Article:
Skoll Foundation

 

One World Health

Skoll Entrepreneur(s):
Award Year: 2005
Focus Area(s) Addressed: Healthcare Access and Treatment

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Working for the Food and Drug Administration in the early 1990s, Victoria Hale saw many promising new medicines abandoned or not developed to their full market potential. Diseases such as visceral leishmaniasis, long ignored and often fatal, needed special and urgent attention. In 2000 she founded the Institute for OneWorld Health to address the gap between global infectious diseases and pharmaceutical opportunities. Victoria has since left and founded a new nonprofit pharmaceutical company, Medicines360, focusing on unmet needs of the world’s women and children. It is a self-sustaining social enterprise, founded with philanthropy, driven by global health inequity, and sustained by revenues. Initial focus areas are contraception and neglected/orphan diseases.

IMPACT AS OF JAN. 2013:

  • As of Dec. 2011,  OneWorld Health (OWH) is an affiliate of PATH, bringing its drug development expertise and experience in neglected infectious diseases to bear on PATH’s mission of improving global health through innovation.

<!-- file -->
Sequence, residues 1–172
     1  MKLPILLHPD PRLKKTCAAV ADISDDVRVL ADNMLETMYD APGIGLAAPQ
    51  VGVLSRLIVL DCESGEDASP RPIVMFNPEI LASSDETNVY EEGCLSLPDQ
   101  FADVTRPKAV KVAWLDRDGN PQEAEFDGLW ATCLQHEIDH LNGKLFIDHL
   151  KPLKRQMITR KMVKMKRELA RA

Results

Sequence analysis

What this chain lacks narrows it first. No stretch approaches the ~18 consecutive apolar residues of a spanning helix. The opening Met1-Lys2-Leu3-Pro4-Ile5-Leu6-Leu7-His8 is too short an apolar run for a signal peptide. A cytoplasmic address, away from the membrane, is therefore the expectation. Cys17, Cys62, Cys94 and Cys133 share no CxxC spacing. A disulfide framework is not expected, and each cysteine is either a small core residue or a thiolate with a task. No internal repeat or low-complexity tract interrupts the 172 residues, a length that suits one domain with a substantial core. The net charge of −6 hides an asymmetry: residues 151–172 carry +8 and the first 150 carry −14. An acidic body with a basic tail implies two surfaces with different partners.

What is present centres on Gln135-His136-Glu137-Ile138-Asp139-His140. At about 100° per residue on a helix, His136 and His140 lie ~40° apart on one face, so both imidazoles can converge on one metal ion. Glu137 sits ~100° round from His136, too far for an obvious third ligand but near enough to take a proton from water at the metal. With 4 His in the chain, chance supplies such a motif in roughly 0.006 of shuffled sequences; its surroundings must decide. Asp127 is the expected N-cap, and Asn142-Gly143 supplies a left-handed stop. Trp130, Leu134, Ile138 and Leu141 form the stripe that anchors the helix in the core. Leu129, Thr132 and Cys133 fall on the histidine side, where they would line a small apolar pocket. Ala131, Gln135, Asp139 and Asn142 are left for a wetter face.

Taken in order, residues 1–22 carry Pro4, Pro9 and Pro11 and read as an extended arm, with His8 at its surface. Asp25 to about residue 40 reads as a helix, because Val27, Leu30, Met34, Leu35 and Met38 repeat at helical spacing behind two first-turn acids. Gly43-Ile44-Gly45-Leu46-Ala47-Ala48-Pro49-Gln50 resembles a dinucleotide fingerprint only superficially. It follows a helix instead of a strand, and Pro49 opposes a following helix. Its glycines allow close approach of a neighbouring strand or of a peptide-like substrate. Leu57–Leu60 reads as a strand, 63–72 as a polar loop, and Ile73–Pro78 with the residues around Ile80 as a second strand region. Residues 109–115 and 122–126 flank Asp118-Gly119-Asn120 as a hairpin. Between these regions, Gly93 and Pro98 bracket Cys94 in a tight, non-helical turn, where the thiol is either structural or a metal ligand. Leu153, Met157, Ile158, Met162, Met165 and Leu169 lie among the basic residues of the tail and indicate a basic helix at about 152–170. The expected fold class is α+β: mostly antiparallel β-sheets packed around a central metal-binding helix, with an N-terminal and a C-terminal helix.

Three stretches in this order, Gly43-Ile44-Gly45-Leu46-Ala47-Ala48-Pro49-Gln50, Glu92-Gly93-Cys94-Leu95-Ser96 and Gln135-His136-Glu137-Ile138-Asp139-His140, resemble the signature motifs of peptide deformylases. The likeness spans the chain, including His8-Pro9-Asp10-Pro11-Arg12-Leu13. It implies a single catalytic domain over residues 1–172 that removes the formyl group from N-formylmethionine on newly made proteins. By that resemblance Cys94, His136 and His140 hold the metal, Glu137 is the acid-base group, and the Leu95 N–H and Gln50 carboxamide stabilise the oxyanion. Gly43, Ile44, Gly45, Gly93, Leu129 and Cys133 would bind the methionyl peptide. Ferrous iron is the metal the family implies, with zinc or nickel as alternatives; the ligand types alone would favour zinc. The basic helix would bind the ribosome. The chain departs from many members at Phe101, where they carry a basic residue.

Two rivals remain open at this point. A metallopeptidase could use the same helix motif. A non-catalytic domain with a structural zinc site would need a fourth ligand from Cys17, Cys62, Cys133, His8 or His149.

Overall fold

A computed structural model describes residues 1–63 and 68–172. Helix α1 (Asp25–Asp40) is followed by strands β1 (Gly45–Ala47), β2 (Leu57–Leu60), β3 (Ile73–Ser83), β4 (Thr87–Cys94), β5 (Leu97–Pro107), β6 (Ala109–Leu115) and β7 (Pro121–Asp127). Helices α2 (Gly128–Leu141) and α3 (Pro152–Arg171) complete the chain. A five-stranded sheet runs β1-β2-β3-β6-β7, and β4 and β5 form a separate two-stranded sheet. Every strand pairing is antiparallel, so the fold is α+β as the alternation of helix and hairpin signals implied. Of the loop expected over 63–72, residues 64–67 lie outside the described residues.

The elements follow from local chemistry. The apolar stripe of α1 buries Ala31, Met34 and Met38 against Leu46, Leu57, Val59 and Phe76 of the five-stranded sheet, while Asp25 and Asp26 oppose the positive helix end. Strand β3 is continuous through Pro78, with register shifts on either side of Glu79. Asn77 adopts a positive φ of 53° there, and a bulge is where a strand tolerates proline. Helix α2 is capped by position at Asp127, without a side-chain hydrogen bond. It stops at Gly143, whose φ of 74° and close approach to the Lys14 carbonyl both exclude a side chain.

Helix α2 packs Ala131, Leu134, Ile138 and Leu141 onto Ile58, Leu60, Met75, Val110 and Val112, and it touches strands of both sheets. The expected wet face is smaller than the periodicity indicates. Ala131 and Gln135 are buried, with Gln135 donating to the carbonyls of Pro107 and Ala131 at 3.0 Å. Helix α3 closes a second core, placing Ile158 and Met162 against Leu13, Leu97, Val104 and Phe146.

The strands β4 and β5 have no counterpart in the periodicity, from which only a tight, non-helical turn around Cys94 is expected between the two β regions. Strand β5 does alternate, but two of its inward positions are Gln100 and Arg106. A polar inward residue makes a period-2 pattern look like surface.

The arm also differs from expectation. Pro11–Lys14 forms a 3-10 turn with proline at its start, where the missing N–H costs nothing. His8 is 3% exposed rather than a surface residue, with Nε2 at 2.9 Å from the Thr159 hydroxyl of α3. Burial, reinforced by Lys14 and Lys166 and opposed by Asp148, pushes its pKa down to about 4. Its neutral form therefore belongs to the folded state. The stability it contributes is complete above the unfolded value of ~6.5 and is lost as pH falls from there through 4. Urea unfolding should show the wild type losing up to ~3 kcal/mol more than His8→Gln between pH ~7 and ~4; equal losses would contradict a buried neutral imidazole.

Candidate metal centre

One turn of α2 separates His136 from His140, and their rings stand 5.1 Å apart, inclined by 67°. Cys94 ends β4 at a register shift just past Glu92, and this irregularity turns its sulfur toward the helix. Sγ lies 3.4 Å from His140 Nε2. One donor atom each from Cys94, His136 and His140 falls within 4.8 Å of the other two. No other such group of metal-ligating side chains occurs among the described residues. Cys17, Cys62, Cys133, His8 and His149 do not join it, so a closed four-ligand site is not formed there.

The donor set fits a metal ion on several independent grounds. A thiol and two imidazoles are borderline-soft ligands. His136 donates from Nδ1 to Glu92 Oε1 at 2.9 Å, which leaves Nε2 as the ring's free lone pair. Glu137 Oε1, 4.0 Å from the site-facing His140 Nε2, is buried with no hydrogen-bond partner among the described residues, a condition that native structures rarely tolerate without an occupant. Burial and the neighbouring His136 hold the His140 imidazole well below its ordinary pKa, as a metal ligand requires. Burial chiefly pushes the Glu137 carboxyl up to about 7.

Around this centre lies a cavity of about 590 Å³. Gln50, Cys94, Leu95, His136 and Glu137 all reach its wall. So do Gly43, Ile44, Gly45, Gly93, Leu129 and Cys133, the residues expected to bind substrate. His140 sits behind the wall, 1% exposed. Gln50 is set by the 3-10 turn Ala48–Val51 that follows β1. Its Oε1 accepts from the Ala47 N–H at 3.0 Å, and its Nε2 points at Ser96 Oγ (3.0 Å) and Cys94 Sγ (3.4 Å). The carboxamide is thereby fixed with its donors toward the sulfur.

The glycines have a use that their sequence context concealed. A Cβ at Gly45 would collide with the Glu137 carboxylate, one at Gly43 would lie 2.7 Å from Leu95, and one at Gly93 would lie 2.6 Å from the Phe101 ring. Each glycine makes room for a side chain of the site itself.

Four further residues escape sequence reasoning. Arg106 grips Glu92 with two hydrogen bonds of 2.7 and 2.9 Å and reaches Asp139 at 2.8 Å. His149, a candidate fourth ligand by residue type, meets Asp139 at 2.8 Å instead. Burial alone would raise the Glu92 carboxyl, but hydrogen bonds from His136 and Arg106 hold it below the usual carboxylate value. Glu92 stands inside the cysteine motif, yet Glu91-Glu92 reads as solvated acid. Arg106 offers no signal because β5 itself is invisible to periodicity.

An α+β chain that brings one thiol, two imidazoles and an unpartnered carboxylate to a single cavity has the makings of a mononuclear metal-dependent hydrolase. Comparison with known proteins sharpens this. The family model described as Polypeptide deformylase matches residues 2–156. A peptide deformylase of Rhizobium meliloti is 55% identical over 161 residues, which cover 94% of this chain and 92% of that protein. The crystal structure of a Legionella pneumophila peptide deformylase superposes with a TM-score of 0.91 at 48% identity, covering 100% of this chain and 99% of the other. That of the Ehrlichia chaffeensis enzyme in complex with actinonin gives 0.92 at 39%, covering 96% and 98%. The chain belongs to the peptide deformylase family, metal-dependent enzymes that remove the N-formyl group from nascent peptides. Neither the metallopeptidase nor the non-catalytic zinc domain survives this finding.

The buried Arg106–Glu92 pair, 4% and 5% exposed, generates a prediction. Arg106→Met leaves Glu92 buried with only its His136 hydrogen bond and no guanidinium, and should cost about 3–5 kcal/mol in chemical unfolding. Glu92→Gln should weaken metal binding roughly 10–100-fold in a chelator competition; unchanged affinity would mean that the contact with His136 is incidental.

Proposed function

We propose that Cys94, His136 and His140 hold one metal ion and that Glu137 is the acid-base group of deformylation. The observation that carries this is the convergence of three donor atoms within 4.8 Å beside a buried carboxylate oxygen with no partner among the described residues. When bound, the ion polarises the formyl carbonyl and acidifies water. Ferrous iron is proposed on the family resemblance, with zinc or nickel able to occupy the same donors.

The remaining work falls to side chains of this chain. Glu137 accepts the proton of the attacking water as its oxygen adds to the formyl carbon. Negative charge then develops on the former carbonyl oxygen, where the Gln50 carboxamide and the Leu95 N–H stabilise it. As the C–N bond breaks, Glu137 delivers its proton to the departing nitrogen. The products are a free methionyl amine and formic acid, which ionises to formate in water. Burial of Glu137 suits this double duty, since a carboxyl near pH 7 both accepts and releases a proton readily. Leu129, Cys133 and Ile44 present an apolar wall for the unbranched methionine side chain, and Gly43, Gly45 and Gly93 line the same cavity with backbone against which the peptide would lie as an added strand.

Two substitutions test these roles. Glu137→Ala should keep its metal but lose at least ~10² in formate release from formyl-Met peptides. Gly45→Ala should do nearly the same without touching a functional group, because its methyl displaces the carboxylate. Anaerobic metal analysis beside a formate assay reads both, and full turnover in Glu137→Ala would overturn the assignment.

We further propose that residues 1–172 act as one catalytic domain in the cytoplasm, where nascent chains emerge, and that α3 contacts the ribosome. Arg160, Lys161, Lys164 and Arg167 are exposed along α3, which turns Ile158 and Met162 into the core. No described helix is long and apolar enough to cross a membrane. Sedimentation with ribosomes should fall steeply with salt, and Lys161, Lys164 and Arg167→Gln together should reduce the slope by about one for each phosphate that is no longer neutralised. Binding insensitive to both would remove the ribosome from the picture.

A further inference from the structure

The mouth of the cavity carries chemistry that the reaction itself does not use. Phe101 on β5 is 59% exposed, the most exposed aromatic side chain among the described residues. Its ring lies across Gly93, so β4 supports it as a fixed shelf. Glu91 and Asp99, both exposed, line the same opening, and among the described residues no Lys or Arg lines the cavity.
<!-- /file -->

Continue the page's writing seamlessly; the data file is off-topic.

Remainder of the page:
PAST IMPACT, AS OWH alone: 
  • iOWH has developed Paromomycin IM Injection as a safe, effective, affordable treatment for visceral leishmaniasis. Having received Indian regulatory approval after a series of clinical trials with over 1000 patients in Bihar, this success is being expanded into Bangladesh and Nepal. Paromomycin IM Injection has been included on the WHO’s Model List for Essential Medicines.
  • iOWH has collaborated with Roche Pharmaceuticals and Novartis to develop safe, effective, affordable medicines for diarrheal diseases that complement existing interventions like Oral Rehydration Therapy and zinc. These complement iOWH’s in-house efforts to develop a novel treatment for diarrheal diseases.
  • A unique partnership coordinated by iOWH is pioneering the use of synthetic biology to produce a reliable supply of artemesinin, an key component of treatment for malaria, at an affordable price. This bold approach will help stabilize the price and supply of artemisinin with a source that takes weeks, not months, to produce.


SEE THEIR WORK IN ACTION:

 

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